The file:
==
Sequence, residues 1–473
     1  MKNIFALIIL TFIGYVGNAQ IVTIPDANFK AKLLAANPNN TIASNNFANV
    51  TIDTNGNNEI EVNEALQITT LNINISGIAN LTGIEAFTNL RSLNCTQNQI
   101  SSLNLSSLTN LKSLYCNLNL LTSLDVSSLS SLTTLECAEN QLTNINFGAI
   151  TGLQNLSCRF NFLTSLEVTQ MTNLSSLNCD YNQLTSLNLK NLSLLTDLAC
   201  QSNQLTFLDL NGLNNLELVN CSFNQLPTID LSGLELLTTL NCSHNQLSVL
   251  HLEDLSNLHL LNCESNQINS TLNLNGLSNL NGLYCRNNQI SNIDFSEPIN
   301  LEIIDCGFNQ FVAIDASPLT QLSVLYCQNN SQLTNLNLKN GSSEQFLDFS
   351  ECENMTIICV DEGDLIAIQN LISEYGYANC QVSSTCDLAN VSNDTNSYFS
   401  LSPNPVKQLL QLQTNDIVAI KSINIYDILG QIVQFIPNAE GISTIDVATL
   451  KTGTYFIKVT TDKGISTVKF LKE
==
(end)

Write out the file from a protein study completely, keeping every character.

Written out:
Sequence, residues 1–473
     1  MKNIFALIIL TFIGYVGNAQ IVTIPDANFK AKLLAANPNN TIASNNFANV
    51  TIDTNGNNEI EVNEALQITT LNINISGIAN LTGIEAFTNL RSLNCTQNQI
   101  SSLNLSSLTN LKSLYCNLNL LTSLDVSSLS SLTTLECAEN QLTNINFGAI
   151  TGLQNLSCRF NFLTSLEVTQ MTNLSSLNCD YNQLTSLNLK NLSLLTDLAC
   201  QSNQLTFLDL NGLNNLELVN CSFNQLPTID LSGLELLTTL NCSHNQLSVL
   251  HLEDLSNLHL LNCESNQINS TLNLNGLSNL NGLYCRNNQI SNIDFSEPIN
   301  LEIIDCGFNQ FVAIDASPLT QLSVLYCQNN SQLTNLNLKN GSSEQFLDFS
   351  ECENMTIICV DEGDLIAIQN LISEYGYANC QVSSTCDLAN VSNDTNSYFS
   401  LSPNPVKQLL QLQTNDIVAI KSINIYDILG QIVQFIPNAE GISTIDVATL
   451  KTGTYFIKVT TDKGISTVKF LKE